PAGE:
Paper: Make the Most out of Last Level Cache in Intel Processors
Conference paper in EuroSys' 19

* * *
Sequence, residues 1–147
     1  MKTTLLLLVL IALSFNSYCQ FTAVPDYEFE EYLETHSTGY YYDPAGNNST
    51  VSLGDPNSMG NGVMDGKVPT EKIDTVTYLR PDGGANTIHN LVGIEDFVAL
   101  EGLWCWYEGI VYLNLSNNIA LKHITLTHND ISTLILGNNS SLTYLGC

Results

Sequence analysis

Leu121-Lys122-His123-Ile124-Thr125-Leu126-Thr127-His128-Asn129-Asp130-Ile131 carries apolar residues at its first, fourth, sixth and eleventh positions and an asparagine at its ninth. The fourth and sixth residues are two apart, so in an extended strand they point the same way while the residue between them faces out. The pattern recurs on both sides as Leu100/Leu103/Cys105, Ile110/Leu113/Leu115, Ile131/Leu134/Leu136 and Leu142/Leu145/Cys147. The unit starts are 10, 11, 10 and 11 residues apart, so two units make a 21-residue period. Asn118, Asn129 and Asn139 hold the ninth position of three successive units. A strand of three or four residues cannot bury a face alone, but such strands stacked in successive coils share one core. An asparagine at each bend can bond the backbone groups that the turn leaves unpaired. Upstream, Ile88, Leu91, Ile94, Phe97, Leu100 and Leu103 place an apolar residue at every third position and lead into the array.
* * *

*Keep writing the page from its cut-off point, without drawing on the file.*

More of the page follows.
In modern (Intel) processors, Last Level Cache (LLC) is divided into multiple slices and an undocumented hashing algorithm (aka Complex Addressing) maps different parts of memory address space among these slices to increase the effective memory bandwidth. After a careful study of Intel’s Complex Addressing, we introduce a sliceaware memory management scheme, wherein frequently used data can be accessed faster via the LLC. Using our proposed scheme, we show that a key-value store can potentially improve its average performance ∼12.2% and ∼11.4% for 100% & 95% GET workloads, respectively. Furthermore, we propose CacheDirector, a network I/O solution which extends Direct Data I/O (DDIO) and places the packet’s header in the slice of the LLC that is closest to the relevant processing core. We implemented CacheDirector as an extension to DPDK and evaluated our proposed solution for latency-critical applications in Network Function Virtualization (NFV) systems. Evaluation results show that CacheDirector makes packet processing faster by reducing tail latencies (90-99th percentiles) by up to 119 µs (∼21.5%) for optimized NFV service chains that are running at 100 Gbps. Finally, we analyze the effectiveness of slice-aware memory management to realize cache isolation.